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In 'Logan,' Hugh Jackman's Wolverine Shines His Badge One Last Time


In the last 17 years, Hugh Jackman has clawed his way through nine X-Men movies as Wolverine. Now in the film "Logan," his mutant character is finally being allowed a change in style. Bob Mondello says "Logan" plays less like a superhero movie and more like a Western.

BOB MONDELLO, BYLINE: The year is 2029, and Logan is tired. Mutants like him have been hounded very nearly to extinction. And this now-greying wolverine has been reduced to driving a limo for drunken teens. He's often drunk himself, a barely functioning alcoholic with terrible aches and pains, especially when those metal claws pop out of his knuckle.

You get the sense that he'd be happy to ride permanently into the sunset if he didn't have to score black-market drugs for Professor Xavier, who's old enough now that he bridles at being called a mere octogenarian. Patrick Stewart is crusty and addled as Xavier, talking wistfully about family as he hallucinates in the abandoned water tank they call home.


PATRICK STEWART: (As Xavier) People who love each other - you should take a moment, feel it. You still have time.

MONDELLO: And then a young girl comes into their lives, needing protection, exhibiting unnervingly familiar skills and baring a comic book.


HUGH JACKMAN: (As Logan) We've got ourselves an "X-Men" fan (laughter). Maybe a quarter of it happened and not like this.

MONDELLO: Still, a reason to saddle up again, no?


STEWART: (As Xavier) She needs our help.

JACKMAN: (As Logan) Someone will come along.

STEWART: (As Xavier) Someone has come along.

MONDELLO: They have a bullet-riddled '24 Caddy. It's road trip time. Director and co-writer James Mangold is consciously calling up the Wild West here and not just by setting most of the film near the U.S.-Mexico border in the near future, where there does not seem to be a wall, for what that's worth. This film has specific callouts to scenes from the Wild West classic "Shane" and dialogue that sounds like "Shane" updated.


UNIDENTIFIED ACTOR: (As character) Looks like Mr. Munson hired some muscle.

ERIQ LA SALLE: (As Will Munson) He's a friend of mine.

UNIDENTIFIED ACTOR: (As character) A friend with a big mouth.

JACKMAN: (As Logan) I hear that a lot.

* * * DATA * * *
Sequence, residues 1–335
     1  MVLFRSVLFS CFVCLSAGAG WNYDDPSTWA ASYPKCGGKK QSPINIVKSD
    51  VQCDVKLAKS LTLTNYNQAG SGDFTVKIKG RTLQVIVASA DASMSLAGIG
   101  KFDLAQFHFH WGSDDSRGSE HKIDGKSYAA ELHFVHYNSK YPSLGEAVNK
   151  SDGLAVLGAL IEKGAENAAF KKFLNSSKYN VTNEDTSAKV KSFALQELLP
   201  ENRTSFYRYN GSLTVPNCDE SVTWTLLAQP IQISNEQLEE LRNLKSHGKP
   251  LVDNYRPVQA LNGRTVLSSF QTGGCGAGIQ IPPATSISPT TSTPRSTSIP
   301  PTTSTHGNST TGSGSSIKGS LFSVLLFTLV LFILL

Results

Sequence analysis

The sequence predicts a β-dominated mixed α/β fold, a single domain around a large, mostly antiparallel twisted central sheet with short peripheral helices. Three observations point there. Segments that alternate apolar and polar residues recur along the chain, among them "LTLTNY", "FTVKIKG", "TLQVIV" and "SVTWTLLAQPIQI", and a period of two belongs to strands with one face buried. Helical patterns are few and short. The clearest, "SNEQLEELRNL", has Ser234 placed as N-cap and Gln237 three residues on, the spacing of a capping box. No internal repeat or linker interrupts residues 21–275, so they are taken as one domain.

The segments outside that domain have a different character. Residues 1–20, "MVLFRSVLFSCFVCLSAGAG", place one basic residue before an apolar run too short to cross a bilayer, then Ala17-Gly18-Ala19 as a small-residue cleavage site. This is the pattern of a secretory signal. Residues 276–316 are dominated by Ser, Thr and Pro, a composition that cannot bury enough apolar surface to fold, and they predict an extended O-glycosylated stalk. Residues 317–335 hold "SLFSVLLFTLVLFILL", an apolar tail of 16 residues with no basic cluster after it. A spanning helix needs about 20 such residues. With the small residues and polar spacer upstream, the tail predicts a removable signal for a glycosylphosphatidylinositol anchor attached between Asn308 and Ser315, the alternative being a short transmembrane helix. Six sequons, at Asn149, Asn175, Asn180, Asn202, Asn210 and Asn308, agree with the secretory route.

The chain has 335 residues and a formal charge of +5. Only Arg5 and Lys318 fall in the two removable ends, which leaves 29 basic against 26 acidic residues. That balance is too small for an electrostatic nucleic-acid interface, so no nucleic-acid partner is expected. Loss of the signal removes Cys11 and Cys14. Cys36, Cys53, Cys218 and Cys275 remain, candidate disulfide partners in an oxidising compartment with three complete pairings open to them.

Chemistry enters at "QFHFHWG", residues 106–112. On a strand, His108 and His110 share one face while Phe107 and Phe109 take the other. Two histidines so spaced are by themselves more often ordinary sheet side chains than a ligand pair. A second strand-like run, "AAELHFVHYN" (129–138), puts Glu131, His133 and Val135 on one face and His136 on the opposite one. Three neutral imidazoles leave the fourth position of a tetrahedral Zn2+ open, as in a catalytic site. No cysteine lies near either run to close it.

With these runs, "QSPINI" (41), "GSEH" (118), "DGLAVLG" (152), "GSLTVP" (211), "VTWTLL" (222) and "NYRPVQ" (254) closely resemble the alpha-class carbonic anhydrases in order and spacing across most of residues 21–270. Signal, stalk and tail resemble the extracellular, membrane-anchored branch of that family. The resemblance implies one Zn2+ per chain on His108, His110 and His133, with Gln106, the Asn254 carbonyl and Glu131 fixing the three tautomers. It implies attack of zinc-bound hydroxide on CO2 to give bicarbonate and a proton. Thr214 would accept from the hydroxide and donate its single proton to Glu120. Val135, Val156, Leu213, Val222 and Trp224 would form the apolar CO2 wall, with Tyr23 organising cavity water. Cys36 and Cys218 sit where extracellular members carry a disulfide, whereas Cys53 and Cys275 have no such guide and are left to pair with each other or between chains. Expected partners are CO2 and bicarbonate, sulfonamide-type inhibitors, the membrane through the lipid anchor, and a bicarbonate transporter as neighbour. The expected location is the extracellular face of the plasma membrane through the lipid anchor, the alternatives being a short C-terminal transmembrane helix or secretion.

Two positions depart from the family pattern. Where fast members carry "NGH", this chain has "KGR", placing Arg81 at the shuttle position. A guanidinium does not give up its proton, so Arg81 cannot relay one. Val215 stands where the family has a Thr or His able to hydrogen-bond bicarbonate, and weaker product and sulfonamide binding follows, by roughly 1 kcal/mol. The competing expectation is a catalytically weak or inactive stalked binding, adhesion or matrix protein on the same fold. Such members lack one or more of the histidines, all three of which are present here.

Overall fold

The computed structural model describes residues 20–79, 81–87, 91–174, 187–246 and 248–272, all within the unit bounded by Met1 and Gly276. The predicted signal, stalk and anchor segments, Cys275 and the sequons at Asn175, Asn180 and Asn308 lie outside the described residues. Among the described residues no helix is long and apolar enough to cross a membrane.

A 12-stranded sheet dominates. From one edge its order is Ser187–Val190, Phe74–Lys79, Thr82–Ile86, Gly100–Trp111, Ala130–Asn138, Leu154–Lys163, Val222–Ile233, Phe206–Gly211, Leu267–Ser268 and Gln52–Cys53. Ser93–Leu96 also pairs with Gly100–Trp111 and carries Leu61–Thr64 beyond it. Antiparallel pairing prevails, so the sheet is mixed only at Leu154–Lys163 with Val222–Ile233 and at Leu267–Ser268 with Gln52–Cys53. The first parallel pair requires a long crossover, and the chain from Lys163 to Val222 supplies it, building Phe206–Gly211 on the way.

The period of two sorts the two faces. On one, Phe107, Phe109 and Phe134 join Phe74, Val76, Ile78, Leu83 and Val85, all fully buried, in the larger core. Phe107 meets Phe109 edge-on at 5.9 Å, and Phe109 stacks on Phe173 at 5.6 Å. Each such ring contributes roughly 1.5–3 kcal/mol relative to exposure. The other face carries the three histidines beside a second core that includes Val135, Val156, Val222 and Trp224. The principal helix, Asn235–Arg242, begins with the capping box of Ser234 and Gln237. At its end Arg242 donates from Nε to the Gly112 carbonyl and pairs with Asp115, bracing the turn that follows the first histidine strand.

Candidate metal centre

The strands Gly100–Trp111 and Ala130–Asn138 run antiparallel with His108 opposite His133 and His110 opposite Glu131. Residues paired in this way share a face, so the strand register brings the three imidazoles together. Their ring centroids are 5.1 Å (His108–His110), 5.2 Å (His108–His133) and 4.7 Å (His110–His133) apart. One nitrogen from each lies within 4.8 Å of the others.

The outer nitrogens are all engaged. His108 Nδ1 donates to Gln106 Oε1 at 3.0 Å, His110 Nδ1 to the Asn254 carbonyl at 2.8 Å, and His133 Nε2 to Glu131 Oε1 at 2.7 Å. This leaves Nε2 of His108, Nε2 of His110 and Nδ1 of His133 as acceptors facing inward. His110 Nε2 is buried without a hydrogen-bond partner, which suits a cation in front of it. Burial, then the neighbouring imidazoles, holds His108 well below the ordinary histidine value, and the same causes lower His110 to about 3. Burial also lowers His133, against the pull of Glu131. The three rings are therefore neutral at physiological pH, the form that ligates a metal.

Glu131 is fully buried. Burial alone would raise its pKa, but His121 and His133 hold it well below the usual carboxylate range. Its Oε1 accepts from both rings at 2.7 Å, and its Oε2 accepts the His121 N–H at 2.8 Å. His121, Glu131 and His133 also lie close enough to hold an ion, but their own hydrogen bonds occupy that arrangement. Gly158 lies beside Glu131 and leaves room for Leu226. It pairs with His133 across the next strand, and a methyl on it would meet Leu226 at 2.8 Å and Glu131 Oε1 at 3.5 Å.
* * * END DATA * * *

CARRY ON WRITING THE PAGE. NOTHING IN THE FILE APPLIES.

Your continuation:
UNIDENTIFIED ACTOR: (As character) And you probably hear this too.


JACKMAN: (As Logan) More than I'd like.

UNIDENTIFIED ACTOR: (As character) And you know the drill. I'm going to count to three, and you're going to start walking away.

LA SALLE: (As Will Munson) I got rights to this one.

UNIDENTIFIED ACTOR: (As character) One...

LA SALLE: (As Will Munson) I have a lawyer now.


JACKMAN: (As Logan) Three.

MONDELLO: Logan snaps the rifle in half.


JACKMAN: (As Logan) You know the drill. Get the hell out of here.

MONDELLO: Hugh Jackman is weather-beaten, weary and majestic as the reluctant claw man, shining up his badge one more time. And his surroundings, dark and dystopic even when the sun shines brightly, make this "X-Men" installment feel grounded in a way most comic-book movies don't. There are stretches where it's possible to forget you're watching a superhero epic and others where the director pulls out the ultraviolent stops on a special-effects scale that actually makes sense - not overblown and rocking city blocks but human-sized.

Hugh Jackman's "Logan" was always the most plausible X person, credited now with showing how the whole X-Men series could grow by growing more down to earth. I'm Bob Mondello.


KALEO: (Singing) And way down we go, go, go, go, go. And way down we go, go, go, go, go. So way down we go, go, go, go, go. Way down we go. Transcript provided by NPR, Copyright NPR.

Bob Mondello, who jokes that he was a jinx at the beginning of his critical career — hired to write for every small paper that ever folded in Washington, just as it was about to collapse — saw that jinx broken in 1984 when he came to NPR.